Drasteria adumbrata (Behr, 1870)


Shadowy Arches Moth



Drasteria adumbrata is a common, medium-sized Drasteria (FW length 15 - 19 mm) from forest habitats that has dark brown forewings and light orange and black hindwings. The forewing is gray-brown, darker brown filling the undulating antemedial line and between the postmedial and subterminal lines and lighter gray to brown in the medial and terminal areas. The median line is dark brown to red-brown, occasionally only evident at the costa. The area between the black reniform spot and the laterally projected and strongly toothed postmedial line is large and filled with the same light gray-brown as the medial area and lacking significant white scaling. The hindwing is orange without red tint. The black markings include a large discal spot that nearly touches the waved postmedial line and a bilobed marginal band. The head and thorax are gray-brown. The antennae are ciliate in males and simple in females.

This species is most similar to Drasteria divergens in color and pattern but is usually smaller and lacks the white scaling along the veins distal to the inferior reniform spot that is present in that species. It occurs with Drasteria hudsonica in the northern portion of the Pacific Northwest. This species is similar in size but is more gray than D. adumbrata, has a whitish area between the reniform and postmedial line, brown in D. adumbrata, and usually has a contrasting light gray and red-brown median area, light gray-brown with or without a red-brown line in D. adumbrata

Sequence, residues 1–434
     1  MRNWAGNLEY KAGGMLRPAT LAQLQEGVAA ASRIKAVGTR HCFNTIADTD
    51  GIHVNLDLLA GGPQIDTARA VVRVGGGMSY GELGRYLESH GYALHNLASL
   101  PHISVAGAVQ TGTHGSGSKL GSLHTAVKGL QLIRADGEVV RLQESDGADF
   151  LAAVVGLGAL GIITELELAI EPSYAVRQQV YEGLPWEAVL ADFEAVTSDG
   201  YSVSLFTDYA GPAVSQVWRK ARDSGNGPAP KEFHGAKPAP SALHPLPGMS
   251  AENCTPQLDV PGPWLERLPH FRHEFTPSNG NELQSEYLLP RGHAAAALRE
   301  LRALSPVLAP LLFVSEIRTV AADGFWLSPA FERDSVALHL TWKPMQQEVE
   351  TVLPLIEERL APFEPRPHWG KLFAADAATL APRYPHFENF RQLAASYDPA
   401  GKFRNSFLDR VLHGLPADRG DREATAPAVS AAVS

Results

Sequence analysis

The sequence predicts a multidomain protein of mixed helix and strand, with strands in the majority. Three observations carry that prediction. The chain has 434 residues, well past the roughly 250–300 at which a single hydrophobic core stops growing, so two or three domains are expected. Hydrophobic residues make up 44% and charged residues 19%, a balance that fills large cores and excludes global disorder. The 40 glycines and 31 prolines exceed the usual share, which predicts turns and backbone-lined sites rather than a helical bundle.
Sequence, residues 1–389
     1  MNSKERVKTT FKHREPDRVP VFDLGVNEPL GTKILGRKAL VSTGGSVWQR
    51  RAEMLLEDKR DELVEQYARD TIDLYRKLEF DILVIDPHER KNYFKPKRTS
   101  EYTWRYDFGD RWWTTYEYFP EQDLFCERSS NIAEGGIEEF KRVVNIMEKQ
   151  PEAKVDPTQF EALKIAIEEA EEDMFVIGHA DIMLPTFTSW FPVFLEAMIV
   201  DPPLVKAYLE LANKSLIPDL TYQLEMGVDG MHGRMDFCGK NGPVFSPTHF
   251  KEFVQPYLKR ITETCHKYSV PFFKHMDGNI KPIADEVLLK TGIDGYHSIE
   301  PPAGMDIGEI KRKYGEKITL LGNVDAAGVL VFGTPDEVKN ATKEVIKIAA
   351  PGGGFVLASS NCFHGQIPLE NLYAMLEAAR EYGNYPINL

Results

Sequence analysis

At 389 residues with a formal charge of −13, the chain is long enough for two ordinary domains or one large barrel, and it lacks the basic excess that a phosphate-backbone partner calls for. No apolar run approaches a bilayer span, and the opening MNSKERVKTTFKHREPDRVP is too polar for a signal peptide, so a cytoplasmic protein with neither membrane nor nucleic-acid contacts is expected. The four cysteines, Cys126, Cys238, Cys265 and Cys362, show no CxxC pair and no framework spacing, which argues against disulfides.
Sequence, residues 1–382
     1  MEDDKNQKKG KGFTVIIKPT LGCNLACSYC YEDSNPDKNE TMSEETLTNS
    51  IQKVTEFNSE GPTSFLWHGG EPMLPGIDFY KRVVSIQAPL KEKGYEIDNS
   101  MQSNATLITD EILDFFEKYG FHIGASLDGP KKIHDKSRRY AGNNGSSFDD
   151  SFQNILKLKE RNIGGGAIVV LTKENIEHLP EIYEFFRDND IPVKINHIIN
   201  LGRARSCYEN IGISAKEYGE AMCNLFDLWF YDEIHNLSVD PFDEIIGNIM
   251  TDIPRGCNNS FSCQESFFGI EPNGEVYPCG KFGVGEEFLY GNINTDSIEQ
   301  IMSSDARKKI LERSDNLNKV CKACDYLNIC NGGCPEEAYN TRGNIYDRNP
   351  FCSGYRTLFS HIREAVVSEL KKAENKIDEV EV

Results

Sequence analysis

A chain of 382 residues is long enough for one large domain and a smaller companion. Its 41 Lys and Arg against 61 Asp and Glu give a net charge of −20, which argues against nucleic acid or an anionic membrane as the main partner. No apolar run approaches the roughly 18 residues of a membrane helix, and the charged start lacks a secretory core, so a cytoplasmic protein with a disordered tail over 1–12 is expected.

This species is common to abundant in higher elevation mountain habitats throughout much of western North America.  Habitats include both open coniferous forests and open meadows in both the Cascades and Rocky Mountains.


Pacific Northwest

Drasteria adumbrata is widely distributed in forests east of the Cascade crest. It does not occur in steppe habitats.


This species has a large range in North America. Its range extends to the East Coast where it occurs as far south as New York's Adirondack Mountains.  

Life History


No information is presently available regarding larval foodplants for this species.


Adults are found from late spring through the summer months. Most Pacific Northwest records are from late May to early August. This species is predominantly nocturnal and comes readily to lights.

Economic Importance




Forbes (1954)

Moth Photographers Group